During our time in pastoral ministry, we created a resource, Making A Spiritual Discipleship Plan, to help parents intentionally become the primary spiritual leaders in their homes. In addition to providing this resource, Jeff preached a sermon series focusing on each element of making a spiritual plan, and we presented training sessions for families. This proved to be beneficial not only to church families, but also to our own family.
Our eldest daughter and her husband were fortunate to have had the opportunity to go through Making Christlike Disciples In Your Home training prior to having their first child. Joe and Jennifer are now implementing their spiritual discipleship plan while raising their three children, ages 10, 8, 6. They review their discipleship plan annually and make the necessary revisions to fit their ever-changing life stages and set new spiritual goals and action steps for the year.
Church families realized the importance of developing a spiritual plan while going through the training process. As parents began evaluating their beliefs based on their current value system, some discovered what they valued most didn’t align with keeping God first in their family. They then took the necessary steps to prioritize their values to glorify God. For instance, some discovered they valued spending much of their extra time attending their children’s activities. Of course, there’s essentially nothing wrong with this unless it begins to squeeze out the necessary time it takes to “train up a child.” (Proverbs 22:6)
There’s a family that stands out in my mind who wisely chose to put God first. The parents made the tough decision that their children would not participate in any sports on Sunday if it meant missing family worship at their church. They purposefully began serving together as a family by visiting local nursing homes on Sunday afternoons, using their musical giftedness. These parents valued teaching their children to express their love toward God by serving others.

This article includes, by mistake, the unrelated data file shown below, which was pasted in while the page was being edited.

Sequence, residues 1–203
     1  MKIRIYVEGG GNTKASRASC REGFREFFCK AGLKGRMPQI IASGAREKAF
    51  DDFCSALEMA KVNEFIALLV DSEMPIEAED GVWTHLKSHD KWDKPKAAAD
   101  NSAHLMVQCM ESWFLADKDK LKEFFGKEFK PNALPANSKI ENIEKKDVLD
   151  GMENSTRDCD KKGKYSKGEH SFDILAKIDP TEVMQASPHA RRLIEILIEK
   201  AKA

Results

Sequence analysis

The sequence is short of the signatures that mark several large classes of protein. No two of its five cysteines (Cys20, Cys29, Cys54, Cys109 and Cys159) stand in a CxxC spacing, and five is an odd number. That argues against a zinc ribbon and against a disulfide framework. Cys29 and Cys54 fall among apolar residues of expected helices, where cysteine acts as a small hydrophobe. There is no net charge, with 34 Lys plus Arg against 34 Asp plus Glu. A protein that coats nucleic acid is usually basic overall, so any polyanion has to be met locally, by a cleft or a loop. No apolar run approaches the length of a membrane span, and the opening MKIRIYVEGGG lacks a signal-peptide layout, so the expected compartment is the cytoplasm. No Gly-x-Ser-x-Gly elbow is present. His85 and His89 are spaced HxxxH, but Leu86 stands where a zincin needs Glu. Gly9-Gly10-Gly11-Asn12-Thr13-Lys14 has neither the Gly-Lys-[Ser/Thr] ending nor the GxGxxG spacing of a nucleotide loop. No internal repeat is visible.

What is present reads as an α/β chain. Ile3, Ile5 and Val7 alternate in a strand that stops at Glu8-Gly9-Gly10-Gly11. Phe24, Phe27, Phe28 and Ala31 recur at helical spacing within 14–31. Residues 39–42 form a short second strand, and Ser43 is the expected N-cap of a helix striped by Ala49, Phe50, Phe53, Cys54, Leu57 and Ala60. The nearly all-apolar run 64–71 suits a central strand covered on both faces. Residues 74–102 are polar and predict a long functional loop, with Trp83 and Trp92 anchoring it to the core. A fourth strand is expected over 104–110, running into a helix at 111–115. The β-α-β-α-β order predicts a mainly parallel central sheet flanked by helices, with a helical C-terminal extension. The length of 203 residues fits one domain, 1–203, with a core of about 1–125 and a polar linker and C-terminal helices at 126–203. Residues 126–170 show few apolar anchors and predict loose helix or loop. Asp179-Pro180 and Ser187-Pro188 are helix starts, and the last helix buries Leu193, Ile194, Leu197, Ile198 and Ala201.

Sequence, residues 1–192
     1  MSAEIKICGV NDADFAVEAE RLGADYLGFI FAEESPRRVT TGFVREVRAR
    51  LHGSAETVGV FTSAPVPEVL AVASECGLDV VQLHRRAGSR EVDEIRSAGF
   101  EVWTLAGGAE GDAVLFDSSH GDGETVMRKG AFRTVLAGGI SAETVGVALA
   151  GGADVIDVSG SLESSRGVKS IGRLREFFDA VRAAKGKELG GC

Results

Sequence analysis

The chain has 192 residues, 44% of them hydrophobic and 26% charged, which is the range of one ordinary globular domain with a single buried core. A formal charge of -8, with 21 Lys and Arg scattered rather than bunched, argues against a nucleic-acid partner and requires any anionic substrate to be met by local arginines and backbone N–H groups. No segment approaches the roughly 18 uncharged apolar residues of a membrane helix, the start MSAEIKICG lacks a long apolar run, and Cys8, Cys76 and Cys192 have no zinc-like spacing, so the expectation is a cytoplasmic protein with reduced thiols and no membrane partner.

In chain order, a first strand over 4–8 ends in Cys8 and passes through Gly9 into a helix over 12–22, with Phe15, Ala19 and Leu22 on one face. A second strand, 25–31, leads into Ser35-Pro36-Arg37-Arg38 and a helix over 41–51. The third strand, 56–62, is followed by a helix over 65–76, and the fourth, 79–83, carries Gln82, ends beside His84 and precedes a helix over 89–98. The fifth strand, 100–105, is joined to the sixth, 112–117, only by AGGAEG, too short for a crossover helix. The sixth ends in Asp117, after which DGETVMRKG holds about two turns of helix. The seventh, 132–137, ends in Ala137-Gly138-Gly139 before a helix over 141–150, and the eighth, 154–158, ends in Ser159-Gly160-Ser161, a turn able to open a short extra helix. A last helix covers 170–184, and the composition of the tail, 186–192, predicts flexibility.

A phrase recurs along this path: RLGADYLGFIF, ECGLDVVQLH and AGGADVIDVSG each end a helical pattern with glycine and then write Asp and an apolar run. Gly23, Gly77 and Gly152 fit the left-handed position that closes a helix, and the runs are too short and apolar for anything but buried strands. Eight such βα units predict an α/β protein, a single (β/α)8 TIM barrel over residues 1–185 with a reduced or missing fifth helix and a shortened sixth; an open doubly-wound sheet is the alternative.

First, let me say to some of you who may feel that your window of opportunity has passed. It hasn’t! Even if your children are grown, you will benefit from developing your own personal spiritual discipleship plan. And if you have grandchildren, you will be able to share this knowledge with their parents.
Highlights from Making a Spiritual Discipleship Plan:
In this step, you will identify those things that are important to you. Where you spend your time, and how you use your talents and treasures, will give you a clearer understanding of what is guiding your life and the lives within your home. This step is vitally crucial as you discover what you really believe. Becoming a Christ-centered family begins by defining your family’s core values and determining if these core values are in line with God’s core values found in Scripture.
Mission and Vision Statement:
These statements will give you a foundation for leading your family with clarity and purpose. Your mission statement will answer the question, “Why do we exist?” and your vision is a proclamation of what you believe God wants your family to accomplish together. It is what you are striving for and it is the yardstick that measures your choices and actions. Victorious families see life as it is today and as they envision it tomorrow.
Determining where faith was shared effectively or where it was amiss helps parents identify where their present values were formulated, good or bad. Parents are then able to prioritize their values in ways that glorify God.
Developing goals and actions steps to meet these goals is a vital step to having a successful discipleship plan and to measure progress.
At the conclusion of the discipleship planning process, families have an opportunity to make a covenant with God (a written commitment or agreement to faithfully strive to fulfill their spiritual discipleship plan, individually and as a family).
Parents, are you doing everything you can, with God’s help, to raise your children to become faithful followers of Christ? Please don’t assume that taking your children to church and saying a few prayers in the home will do it! Take the time to develop a spiritual discipleship plan for your family.
“We will not hide them from their descendants; we will tell the next generation the praiseworthy deeds of the Lord, his power, and the wonders he has done.” (Psalm 78:4, NIV)
“I have no greater joy than to hear that my children are walking in the truth.” (3 John 1:4, NIV)